We sorted through our 147 entries of 2008 to come up with the stories that surprised us, delighted us or made us shake our heads in disbelief. We’ll present them as a series of posts over the next few days in hopes that you’ll find them to be as memorable as we did. Happy New Year!
The Cleveland Plain Dealer wrote a case history for the how not to handle a layoff. Staff were told not to come in to work until after 9:30 a.m. on Dec. 2. Laid-off employees were notified by phone. Those who didn’t get a call were expected to promptly come to the office. Management then arranged for laid-off employees to clean out their desks on a Saturday morning and to enter the building from the back where they wouldn’t attract the attention.
In March, Tribune Co. CEO Sam Zell was caught on video telling one of his reporter employees, “F**k you.” He muttered the comment under his breath at the end of a response to an Orlando Sentinel’s reporter’s pointed question about how newspapers can thrive by giving readers what they want when all readers want is stories about puppy dogs.
The Chinese Daily News had to pay $5.2 million for allegedly forcing reporters to file five stories a day and to rush between news conferences and interviews. Ad quotas were unreasonably high and production workers were forced to labor nonstop. Reporters testified that they had to work six days a week, 12 hours a day, but weren’t able to complain because of pressure and the culture of intimidation.
Several publishers chose Valentine’s Day to announce major layoffs.
The Denver alternative weekly Westword reported that staff members of the Longmont, Colo. Times-Call newspaper were invited to the publisher’s holiday party – as parking valets. Staffers reportedly earned what they got for their day jobs, only they spent their time parking the cars of rich people in attendance.
Los Angeles Times publisher David Hiller hatched a plan to move the paper’s monthly magazine completely under the control of the advertising department without telling the newspaper’s editor. Hiller reportedly hired a new editor and planned to replace the magazine’s entire nine-person editorial staff without telling anyone on the editorial side. Hiller resigned a few weeks later.
In June, Tribune Co. launched a campaign to measure journalist productivity by the number of column inches of copy they produced. Noting that Los Angeles Times reporters turn out about one-sixth as many column inches as their counterparts in Hartford or Baltimore, Tribune COO Randy Michaels issued a warning to writers and editors. “When you get into the individuals, you find out that you can eliminate a fair number of people while eliminating not very much content,” he said.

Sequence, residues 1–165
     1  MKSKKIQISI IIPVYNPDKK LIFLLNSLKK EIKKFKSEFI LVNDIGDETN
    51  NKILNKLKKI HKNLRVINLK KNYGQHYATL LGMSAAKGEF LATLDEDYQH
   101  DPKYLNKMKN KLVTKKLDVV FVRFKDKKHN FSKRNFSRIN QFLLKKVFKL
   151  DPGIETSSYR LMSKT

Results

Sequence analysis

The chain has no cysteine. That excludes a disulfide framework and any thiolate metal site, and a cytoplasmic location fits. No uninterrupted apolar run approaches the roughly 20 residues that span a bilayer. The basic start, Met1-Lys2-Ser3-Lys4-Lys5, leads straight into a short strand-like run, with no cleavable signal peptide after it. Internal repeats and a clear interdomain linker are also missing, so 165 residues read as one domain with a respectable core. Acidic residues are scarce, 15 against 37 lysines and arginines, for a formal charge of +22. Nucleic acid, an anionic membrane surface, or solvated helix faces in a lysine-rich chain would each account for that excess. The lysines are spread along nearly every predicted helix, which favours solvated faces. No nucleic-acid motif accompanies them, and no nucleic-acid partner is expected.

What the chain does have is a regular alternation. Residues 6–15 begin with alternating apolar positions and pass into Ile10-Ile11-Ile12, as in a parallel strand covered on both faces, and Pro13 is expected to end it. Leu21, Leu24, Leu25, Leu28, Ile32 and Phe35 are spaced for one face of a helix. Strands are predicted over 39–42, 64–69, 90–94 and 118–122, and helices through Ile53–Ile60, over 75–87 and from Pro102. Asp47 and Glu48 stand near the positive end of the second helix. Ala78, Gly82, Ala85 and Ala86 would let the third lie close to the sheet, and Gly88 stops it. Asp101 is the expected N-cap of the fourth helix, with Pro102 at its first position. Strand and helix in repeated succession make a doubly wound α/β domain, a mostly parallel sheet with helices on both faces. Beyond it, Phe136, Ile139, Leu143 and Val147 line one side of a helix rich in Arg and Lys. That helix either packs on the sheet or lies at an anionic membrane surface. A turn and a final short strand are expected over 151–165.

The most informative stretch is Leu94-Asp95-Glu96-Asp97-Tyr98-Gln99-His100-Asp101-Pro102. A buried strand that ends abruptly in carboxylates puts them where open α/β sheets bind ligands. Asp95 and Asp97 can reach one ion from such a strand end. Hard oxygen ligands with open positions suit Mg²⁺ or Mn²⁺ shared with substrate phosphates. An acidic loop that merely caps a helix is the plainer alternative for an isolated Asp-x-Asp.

Slate’s Jack Shafer analyzed the use of anonymous sources by major newspapers. He created a few Google Alerts to look for words like “anonymity” and then looked at the stories to see if the secrecy was warranted. In most cases, he found that that the anonymous quotes were either obvious, self-serving or contributed nothing to the story.
Killing the Host
The Newspaper Guild in Honolulu printed up 100,000 cards for readers can send in to cancel their subscriptions in event of a strike. The thinking was that it was better to take down the Advertiser and cause a whole lot more people to lose their jobs than to have 54 employees treated unfairly.
The union at the Los Angeles Times mounted a campaign to drive out of existence the dwindling number of businesses that advertised in the paper because it said the Times wouldn’t negotiate in good faith.
A Google search bot triggered a 75% plunge in shares of United Airlines over the weekend when it assigned a Sept. 6, 2008 date to a six-year-old story about United Airlines’ bankruptcy filing.
Editors at the Wine Spectator bestowed a coveted Award of Excellence on a non-existent restaurant. The prank was dreamed up by Robin Goldstein, who concocted a fake website with recipes from an Italian cookbook and a reserve wine list “largely chosen from among some of the lowest-scoring Italian wines in Wine Spectator over the past few decades.”
The Tampa Bay Tribune quickly backtracked on a series of design changes as some 300 readers canceled subscriptions and more than 3,000 called or wrote e-mails of protest. “Turns out, we had really disrupted the way people communicate with each other in the morning,” said executive editor Janet Coats.
The San Francisco Examiner caught a delivery man for the Palo Alto Daily Post apparently stealing copies of the Examiner as he delivered his own newspaper. When confronted and asked to open his trunk, the man had more than 1,000 copies of the rival newspaper stashed there.
The Chicago Sun-Times ran a contest for the best reader-submitted video opposing Sam Zell’s proposal to sell naming rights to the Chicago Cubs. The winner was a college student who interns at the rival Tribune. The Trib had some fun with winning its rival’s contest in this clip, which also includes the winning video.
This entry was posted on Wednesday, December 31st, 2008 at 12:08 pm and is filed under Best/Worst, Business News, BusinessModel, Citizen Journalism, Future of Journalism, Journalism, NewMedia, Newspapers, OnlineMedia. You can follow any responses to this entry through the RSS 2.0 feed. Both comments and pings are currently closed.